The Swedish Chemicals Agency proposes that the government should seek to introduce a specific Product Act on textiles within the EU. The aim would be to reduce risks associated with chemicals in articles such as clothing. The proposal is set out in a report being submitted today by the Swedish Chemicals Agency to the government.
“There are substances in textiles that can harm people and the environment. Moreover, it is difficult for companies, public agencies and consumers to obtain information on which chemical substances occur in textiles. A specific Product Act within the EU would be the most effective way of reducing the risks,” says Amelie Pedersen, Project Manager for the government assignment at the Swedish Chemicals Agency.
The Swedish Chemicals Agency proposes in the report that the government initiate the development of specific product legislation within the EU that imposes uniform requirements concerning textiles. According to this proposal, the new EU legislation would cover substances of very high concern that can have a serious, long-term and permanent impact on human health or the environment. These substances may, for example, give rise to cancer, affect the ability to have children, or be harmful to the environment.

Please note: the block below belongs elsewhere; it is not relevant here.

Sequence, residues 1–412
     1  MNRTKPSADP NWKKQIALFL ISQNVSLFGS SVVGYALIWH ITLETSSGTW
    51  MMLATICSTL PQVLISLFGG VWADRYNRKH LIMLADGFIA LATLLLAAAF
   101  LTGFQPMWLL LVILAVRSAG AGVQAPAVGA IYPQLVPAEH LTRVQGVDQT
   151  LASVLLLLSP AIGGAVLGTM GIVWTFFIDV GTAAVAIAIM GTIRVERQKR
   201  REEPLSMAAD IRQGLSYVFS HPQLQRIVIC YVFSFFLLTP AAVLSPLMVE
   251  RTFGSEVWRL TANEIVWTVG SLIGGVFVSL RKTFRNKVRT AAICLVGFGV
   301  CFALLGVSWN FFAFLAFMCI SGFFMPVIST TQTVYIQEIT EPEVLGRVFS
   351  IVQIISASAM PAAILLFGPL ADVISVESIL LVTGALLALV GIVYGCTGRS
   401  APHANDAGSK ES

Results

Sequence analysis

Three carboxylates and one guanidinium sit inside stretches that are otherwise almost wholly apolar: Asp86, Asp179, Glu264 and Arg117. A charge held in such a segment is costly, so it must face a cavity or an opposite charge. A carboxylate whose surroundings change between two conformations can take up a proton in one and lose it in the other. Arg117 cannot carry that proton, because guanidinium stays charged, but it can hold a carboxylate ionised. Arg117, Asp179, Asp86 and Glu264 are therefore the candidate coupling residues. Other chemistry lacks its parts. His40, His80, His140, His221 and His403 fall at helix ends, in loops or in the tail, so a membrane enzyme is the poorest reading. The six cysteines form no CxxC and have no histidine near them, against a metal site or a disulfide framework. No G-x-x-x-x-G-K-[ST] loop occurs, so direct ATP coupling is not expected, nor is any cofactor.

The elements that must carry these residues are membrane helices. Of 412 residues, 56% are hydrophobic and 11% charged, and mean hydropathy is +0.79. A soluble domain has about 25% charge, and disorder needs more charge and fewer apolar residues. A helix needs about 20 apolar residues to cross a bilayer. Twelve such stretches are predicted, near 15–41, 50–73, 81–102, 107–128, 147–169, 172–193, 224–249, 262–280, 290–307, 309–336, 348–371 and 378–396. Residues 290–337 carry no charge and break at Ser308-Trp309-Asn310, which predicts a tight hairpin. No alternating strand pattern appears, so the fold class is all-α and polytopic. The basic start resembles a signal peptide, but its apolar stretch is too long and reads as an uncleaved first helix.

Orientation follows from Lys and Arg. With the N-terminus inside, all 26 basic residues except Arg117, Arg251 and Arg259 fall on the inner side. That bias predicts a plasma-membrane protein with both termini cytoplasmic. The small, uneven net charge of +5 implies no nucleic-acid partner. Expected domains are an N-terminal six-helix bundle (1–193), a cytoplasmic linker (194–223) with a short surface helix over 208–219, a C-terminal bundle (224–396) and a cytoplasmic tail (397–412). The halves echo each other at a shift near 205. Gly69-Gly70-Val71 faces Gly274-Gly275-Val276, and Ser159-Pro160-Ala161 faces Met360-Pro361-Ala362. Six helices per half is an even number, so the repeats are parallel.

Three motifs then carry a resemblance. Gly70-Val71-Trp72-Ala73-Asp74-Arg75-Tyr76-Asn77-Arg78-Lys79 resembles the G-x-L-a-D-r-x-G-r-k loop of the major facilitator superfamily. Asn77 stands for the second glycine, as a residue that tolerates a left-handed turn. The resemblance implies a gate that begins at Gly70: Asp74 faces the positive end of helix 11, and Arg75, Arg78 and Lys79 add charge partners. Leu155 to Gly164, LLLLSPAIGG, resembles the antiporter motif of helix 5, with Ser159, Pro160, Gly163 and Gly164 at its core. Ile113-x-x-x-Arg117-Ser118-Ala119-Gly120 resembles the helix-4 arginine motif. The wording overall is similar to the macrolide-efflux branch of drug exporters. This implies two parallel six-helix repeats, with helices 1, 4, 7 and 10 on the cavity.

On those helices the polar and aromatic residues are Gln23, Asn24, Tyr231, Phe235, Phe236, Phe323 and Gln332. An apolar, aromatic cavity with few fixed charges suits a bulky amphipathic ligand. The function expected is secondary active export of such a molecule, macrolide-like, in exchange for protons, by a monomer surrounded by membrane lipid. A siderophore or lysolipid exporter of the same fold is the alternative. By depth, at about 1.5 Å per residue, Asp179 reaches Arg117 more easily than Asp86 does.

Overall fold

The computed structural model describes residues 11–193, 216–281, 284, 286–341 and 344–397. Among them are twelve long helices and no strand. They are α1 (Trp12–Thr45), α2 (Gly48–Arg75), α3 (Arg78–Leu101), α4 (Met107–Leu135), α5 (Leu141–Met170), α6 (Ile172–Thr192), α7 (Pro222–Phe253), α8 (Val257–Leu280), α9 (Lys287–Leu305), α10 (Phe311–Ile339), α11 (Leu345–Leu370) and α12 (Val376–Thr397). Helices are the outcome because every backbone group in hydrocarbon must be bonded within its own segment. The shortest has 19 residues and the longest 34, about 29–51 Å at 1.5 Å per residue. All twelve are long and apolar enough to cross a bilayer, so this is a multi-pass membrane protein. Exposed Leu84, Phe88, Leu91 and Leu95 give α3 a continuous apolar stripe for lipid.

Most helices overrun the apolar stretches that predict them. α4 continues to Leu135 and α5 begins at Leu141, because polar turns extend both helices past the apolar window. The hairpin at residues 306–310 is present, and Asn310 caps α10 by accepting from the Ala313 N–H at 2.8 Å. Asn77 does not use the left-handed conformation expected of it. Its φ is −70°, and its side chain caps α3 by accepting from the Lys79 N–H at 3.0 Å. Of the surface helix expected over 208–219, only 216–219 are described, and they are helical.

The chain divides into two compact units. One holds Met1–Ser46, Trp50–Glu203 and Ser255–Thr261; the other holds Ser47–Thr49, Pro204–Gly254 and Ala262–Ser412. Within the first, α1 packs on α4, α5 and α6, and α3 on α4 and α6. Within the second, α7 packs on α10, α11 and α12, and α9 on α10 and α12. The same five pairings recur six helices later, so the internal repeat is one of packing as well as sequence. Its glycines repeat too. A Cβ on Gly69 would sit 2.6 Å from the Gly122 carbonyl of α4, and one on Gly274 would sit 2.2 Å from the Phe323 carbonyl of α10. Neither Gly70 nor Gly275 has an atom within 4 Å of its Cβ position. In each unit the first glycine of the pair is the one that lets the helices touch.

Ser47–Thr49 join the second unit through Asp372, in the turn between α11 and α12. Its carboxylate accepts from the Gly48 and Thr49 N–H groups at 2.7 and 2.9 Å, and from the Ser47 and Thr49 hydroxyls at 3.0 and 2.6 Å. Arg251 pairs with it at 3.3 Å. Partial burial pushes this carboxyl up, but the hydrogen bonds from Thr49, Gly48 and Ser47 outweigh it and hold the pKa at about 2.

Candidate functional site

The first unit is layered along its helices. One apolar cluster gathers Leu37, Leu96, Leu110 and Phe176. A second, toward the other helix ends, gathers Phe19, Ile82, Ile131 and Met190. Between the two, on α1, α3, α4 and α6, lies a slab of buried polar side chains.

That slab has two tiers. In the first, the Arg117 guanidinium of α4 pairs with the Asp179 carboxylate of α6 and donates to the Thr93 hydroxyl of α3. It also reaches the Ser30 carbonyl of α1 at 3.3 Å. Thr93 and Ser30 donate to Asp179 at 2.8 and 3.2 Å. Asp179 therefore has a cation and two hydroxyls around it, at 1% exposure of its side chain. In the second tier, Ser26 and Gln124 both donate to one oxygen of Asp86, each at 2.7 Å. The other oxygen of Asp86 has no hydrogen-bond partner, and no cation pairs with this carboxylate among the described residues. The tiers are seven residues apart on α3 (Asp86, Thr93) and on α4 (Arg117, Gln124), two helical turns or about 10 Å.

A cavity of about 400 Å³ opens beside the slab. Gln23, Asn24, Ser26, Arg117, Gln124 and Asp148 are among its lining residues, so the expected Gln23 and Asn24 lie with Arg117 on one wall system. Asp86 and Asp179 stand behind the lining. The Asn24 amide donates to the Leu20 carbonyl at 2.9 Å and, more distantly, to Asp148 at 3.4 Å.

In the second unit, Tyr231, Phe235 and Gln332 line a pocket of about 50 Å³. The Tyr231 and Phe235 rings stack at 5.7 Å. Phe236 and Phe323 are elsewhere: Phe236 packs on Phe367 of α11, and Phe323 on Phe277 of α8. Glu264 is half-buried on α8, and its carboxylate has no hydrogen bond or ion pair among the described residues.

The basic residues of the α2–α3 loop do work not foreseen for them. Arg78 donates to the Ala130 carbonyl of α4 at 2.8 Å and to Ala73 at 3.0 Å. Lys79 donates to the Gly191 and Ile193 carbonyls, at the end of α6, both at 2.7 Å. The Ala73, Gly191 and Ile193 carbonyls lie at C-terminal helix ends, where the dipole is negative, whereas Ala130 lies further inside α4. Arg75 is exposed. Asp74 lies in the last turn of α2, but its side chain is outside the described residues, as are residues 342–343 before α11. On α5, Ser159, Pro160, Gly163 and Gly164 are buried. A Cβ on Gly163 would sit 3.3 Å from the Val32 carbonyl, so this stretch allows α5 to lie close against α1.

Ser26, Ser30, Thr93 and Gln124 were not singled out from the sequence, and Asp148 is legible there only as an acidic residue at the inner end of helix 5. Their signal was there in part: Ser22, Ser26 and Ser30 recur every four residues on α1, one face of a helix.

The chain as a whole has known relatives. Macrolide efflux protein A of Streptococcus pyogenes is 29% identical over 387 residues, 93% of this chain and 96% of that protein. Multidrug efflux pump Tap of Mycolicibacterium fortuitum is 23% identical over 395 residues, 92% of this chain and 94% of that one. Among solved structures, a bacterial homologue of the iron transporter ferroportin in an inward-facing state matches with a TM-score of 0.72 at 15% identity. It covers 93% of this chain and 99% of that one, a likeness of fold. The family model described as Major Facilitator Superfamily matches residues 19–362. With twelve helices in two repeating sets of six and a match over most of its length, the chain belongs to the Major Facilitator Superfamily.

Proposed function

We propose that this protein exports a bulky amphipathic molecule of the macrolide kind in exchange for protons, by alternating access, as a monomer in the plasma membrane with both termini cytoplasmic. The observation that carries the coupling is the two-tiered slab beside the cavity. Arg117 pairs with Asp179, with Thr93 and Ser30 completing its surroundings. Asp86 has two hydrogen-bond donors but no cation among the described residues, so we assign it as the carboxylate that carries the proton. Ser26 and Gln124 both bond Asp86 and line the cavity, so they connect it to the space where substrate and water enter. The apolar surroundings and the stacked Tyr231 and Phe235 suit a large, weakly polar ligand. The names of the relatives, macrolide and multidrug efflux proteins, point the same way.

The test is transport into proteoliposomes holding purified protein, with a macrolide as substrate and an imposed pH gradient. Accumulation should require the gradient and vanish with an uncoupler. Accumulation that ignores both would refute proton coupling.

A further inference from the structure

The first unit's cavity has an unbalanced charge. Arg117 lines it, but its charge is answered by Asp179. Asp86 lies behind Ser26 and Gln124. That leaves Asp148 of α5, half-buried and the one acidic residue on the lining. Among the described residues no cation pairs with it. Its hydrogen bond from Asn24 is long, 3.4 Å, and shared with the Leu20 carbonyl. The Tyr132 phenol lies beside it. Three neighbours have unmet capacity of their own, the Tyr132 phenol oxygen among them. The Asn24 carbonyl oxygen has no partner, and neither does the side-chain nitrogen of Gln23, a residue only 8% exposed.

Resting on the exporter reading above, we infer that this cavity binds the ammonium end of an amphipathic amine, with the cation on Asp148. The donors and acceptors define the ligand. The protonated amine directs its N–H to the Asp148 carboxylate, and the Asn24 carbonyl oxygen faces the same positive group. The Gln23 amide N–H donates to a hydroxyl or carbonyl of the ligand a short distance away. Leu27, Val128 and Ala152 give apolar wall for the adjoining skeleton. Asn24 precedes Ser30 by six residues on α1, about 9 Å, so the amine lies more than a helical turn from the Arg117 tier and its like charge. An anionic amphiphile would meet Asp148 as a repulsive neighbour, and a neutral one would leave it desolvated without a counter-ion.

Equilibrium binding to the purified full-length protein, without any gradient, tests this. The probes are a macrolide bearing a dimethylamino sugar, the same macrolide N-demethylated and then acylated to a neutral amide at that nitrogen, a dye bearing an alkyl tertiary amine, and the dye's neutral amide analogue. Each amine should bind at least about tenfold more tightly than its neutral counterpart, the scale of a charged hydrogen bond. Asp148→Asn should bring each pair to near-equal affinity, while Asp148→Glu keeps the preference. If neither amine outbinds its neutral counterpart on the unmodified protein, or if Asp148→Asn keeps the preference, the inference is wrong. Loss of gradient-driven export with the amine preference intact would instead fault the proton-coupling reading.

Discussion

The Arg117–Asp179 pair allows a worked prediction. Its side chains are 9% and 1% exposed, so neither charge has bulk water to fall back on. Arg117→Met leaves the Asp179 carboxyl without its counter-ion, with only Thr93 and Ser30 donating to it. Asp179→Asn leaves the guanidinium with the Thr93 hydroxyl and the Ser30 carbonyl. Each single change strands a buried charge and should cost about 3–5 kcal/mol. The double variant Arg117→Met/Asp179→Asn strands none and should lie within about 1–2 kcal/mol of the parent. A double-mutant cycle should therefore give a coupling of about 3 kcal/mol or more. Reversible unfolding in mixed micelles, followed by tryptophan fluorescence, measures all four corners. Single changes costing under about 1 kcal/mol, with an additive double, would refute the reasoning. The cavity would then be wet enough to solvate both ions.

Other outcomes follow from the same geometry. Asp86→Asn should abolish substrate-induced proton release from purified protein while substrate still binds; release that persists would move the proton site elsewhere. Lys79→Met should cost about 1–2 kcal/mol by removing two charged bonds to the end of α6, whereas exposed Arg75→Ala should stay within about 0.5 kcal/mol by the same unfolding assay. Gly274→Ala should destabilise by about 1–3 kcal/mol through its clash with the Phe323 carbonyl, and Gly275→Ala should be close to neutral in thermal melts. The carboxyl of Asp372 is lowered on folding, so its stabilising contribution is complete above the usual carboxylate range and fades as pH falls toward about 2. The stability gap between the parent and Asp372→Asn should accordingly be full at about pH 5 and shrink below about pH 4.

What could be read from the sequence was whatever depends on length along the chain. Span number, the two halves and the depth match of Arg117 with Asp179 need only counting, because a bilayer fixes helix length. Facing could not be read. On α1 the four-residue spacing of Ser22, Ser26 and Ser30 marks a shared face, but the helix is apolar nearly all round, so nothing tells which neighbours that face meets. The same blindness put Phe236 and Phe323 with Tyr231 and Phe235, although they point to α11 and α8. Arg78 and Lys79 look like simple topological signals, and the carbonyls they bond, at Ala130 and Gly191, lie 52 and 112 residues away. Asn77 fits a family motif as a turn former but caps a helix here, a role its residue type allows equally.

The Swedish Chemicals Agency wishes to explore the possibilities of extending existing restrictions on certain azo dye substances by way of REACH, the EU legislation on chemicals. These dyes are added to textiles and can be degraded into carcinogenic substances. The Agency also wishes to explore the possibilities of introducing labelling requirements within the EU which would cover allergenic substances in textiles.
In addition to this, the Swedish Chemicals Agency proposes that the government consider the need for a special investigation into a tax on clothing and soft furnishings. Financial instruments could act as a supplement pending legislation that would reduce the risks associated with dangerous substances in textiles.
Today’s report is the response of the Swedish Chemicals Agency to the government assignment requiring it to draw up proposals for measures that reduce the risks associated with dangerous substances in textiles. The Swedish Chemicals Agency has already initiated and is participating in several activities with the aim of reducing the risks associated with dangerous substances in textiles at national, EU and international level.
Read the report in full (PDF, in Swedish, summary in English on page 7)
For further information please contact:
Amelie Pedersen, Project Manager for the government assignment, + 46 8 519 41 244, +46 76 504 12 44
Björn Malmström, Press Officer, +46 8 519 41 338, +46 76 504 13 38
E-mail addresses to Chemicals Agency employees are written as follows: firstname.lastname@example.org